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Matt Koval Shares More Creator Advice After Nearly a Decade at YouTube
JUMP TO SECTION:
- 1. YouTube Wants to Do What’s Best for Creators
- 2. YouTube Doesn’t ‘Promote’ Big Creators Exclusively
- 3. The Most Important YouTube Metric Isn’t a Metric at All
- 4. It’s True: YouTube Caters to Those in the Partner Program
It’s hard to understand YouTube sometimes. If you’re a creator, you probably have tons of questions that all start with the word “why.”
Why does YouTube get rid of features we love?
Why does it keep the questionable ones?
Why is YouTube running ads on non-monetized channels?
You’ve heard this phrase elsewhere, but it applies here too: It’s just business. YouTube may be built on the foundation of “cool” creators, but it's still a for-profit business. It has to make tough decisions to survive, even while supporting the vloggers, teachers, and entertainers who make YouTube what it is.
In this episode of TubeTalk, Matt Koval tells us how YouTube operates. As a former YouTube liaison, he listened to creators’ grievances and shared them with YouTube executives. Koval also showed creators how to thrive on the platform with in-depth video tutorials. Before that, he was a creator himself back in 2008.
Ready to learn some things you don’t know about YouTube? Here’s what Koval had to say about the platform.
1. YouTube Wants to Do What’s Best for Creators
You might see YouTube as this big, faceless entity, but real humans work there and want you to succeed. They worry about everything, from how new tools affect creators to grievances surrounding monetization.
“I think creators often see this giant machine owned by Google – owned by Alphabet – and they don’t realize it's full of hundreds of caring, super nice, intelligent people who are trying to do the right thing,” Koval says.
Here’s an example: When YouTube removed the dislike counter from videos, creators were upset because they lost a signal for gauging value. They could no longer wonder, Should I watch this video? A lot of people dislike it.
YouTube had to look past that and think of creators first. For example, some viewers weaponized the dislike button to punish channels they didn’t like. YouTube removed the button to eliminate mob mentality and keep everyone safe.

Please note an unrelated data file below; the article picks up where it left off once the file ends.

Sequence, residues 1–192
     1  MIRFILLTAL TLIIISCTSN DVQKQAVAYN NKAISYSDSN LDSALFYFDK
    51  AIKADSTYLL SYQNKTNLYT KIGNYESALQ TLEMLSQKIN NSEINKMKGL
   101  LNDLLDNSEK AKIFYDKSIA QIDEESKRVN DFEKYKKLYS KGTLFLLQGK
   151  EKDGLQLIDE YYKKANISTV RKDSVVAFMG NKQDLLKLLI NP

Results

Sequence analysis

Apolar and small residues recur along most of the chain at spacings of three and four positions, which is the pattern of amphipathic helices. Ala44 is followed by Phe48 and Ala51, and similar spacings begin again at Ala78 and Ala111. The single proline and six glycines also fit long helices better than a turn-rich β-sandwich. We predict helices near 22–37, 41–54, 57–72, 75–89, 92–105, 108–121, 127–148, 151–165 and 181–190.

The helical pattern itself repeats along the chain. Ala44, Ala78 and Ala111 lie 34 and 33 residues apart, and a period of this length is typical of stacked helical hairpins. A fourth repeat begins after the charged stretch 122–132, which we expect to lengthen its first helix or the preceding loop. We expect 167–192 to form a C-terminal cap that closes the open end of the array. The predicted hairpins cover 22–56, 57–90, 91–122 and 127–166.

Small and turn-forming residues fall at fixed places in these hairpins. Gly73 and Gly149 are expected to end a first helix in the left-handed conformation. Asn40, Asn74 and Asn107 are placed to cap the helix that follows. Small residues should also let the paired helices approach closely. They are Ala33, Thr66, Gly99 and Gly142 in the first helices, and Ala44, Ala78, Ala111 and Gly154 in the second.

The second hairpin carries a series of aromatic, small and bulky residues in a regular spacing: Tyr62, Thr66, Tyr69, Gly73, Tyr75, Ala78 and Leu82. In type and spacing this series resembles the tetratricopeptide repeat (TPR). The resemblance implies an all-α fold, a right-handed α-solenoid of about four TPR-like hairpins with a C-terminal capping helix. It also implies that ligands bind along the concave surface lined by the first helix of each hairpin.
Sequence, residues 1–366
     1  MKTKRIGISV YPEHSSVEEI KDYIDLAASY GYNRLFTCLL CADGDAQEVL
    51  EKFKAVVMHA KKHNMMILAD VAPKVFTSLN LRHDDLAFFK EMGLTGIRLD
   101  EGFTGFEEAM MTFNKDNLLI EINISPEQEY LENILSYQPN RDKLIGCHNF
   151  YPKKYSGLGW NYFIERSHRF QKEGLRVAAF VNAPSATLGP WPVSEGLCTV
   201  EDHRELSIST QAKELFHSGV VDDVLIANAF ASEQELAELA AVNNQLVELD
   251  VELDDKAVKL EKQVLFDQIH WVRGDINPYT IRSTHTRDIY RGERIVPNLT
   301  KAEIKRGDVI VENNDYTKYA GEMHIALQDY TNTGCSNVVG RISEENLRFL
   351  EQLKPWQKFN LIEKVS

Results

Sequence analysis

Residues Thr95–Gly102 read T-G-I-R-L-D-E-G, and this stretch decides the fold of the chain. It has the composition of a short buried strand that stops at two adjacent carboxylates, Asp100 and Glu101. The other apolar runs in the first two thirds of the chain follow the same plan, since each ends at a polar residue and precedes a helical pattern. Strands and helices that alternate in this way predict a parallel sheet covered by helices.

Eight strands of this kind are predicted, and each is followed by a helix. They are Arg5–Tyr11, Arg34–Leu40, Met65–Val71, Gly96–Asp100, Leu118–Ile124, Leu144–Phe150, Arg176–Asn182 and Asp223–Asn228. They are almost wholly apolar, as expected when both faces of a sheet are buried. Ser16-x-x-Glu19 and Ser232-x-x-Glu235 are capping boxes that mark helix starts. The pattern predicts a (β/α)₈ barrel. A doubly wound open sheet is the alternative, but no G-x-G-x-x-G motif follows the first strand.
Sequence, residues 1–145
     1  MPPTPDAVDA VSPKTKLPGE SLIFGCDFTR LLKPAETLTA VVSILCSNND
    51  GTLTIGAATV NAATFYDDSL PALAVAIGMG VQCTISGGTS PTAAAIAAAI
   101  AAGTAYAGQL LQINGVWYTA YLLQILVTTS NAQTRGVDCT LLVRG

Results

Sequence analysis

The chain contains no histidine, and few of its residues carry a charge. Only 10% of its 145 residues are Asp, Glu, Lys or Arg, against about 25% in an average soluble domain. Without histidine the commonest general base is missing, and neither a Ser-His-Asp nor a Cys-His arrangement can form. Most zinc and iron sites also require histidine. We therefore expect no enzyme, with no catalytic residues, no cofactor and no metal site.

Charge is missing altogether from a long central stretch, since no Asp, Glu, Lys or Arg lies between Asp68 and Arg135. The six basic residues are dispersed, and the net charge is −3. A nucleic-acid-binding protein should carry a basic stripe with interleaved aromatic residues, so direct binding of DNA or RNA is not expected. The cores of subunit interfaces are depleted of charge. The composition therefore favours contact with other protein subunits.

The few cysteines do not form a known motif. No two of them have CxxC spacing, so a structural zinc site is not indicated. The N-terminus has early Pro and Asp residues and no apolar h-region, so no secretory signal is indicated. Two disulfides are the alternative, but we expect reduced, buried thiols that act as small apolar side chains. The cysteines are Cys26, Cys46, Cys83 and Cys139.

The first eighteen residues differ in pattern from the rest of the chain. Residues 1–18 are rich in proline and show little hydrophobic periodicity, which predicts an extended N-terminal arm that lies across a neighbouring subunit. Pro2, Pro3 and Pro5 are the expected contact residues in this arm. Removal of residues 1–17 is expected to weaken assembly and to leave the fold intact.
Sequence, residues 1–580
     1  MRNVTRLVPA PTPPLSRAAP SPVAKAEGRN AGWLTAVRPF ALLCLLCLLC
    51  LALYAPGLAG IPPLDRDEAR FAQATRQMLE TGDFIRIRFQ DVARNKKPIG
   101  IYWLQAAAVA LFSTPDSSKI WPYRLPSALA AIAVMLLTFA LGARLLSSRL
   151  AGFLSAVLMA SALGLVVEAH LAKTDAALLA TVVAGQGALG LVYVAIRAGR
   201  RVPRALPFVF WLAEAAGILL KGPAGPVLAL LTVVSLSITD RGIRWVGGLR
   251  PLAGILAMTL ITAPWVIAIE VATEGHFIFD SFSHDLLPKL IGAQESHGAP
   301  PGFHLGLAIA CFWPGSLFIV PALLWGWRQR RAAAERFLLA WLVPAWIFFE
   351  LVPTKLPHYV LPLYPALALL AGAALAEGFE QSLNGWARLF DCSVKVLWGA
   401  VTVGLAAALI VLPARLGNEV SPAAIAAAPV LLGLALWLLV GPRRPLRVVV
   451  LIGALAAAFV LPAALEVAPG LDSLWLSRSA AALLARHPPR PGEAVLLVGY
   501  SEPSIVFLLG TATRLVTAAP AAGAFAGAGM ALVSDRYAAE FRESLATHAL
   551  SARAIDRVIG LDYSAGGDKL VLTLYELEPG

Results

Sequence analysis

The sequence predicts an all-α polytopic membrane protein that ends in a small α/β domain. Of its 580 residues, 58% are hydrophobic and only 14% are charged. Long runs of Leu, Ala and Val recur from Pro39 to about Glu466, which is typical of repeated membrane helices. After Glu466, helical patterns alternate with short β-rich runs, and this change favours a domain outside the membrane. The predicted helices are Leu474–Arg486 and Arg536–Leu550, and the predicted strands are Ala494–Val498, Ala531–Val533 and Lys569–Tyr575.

Koval’s advice: Trust YouTube, and have some empathy for the platform. YouTube is looking out for creators, even if that’s not always apparent.
2. YouTube Doesn’t ‘Promote’ Big Creators Exclusively
In his YouTube liaison days, Koval heard some complaints more than others. Sitting snugly at the top of that list was creators’ perception of mega channels. People with small audiences felt like YouTube favored the big stars, such as Jimmy Fallon and Stephen Colbert.
“The reality is that the more YouTube became legitimized in the world, those professional studios and networks and entities wanted to use it….You had professional comedians out there who’ve been doing comedy for years and are really funny,” Koval says. “You gotta give it to ‘em. Their videos would oftentimes outperform my videos as a comedian.”
YouTube doesn’t push big creators. Instead, viewers “vote” for what they feel are the best videos by watching them at higher rates. YouTube tracks those trends, and then it shares satisfying videos with people who might be interested. It’s really about viewer satisfaction.
Koval’s advice: Figure out your video format. Post your “rough draft” videos, analyze the results, and tweak your content to satisfy viewers.
3. The Most Important YouTube Metric Isn’t a Metric at All
We talk about YouTube channel analytics all the time. They’re great for analyzing your performance and making better videos, but did you know there’s something even more important?
According to Koval, this precious “thing” isn’t a metric at all. It’s actually your YouTube niche – the broad topic you address in your content.
“You’ve got to pick something you are still going to love talking about five years from now,” Koval says.
Gaming is a popular niche, but that doesn’t mean you should start a Roblox channel to get more views. Before you do that, ask yourself if you even care about video games. Do you spend much time playing Fortnite, Roblox, Call of Duty – anything?
Koval’s advice: Don’t take the shortcut to channel growth. YouTube doesn’t work that way, and people can tell when your heart’s not in it.
4. It’s True: YouTube Caters to Those in the Partner Program
Don’t take this one personally, folks. YouTube is a business, and businesses survive when they have enough money. Since advertising dollars are a large chunk of that revenue, monetized creators – such as those in the YouTube Partner Program – are prioritized.
The advertising split on YouTube is 55/45, meaning creators get 55% of the revenue, and YouTube takes 45%. In 2021, YouTube made $28.84 billion in advertising revenue, and it probably wants to outpace that.
Regardless, we believe YouTube does care about small creators. The company might not be able to prioritize them on a large scale, but it tries to address their needs.
For example, you can tweet @TeamYouTube if you need a question answered. This team of real humans is highly responsive, and they work hard to demystify YouTube.
“Some people complain that some of the replies are canned responses, but keep in mind, they respond in 40 different languages around the world,” Koval says. “It’s a huge challenge, but they’re doing a great job.”
Koval’s advice: Try to understand that YouTube has to survive for creators to be there. No one wants creators to win more than YouTube because it’s the company’s entire business model.
Want to learn more about YouTube and how it works?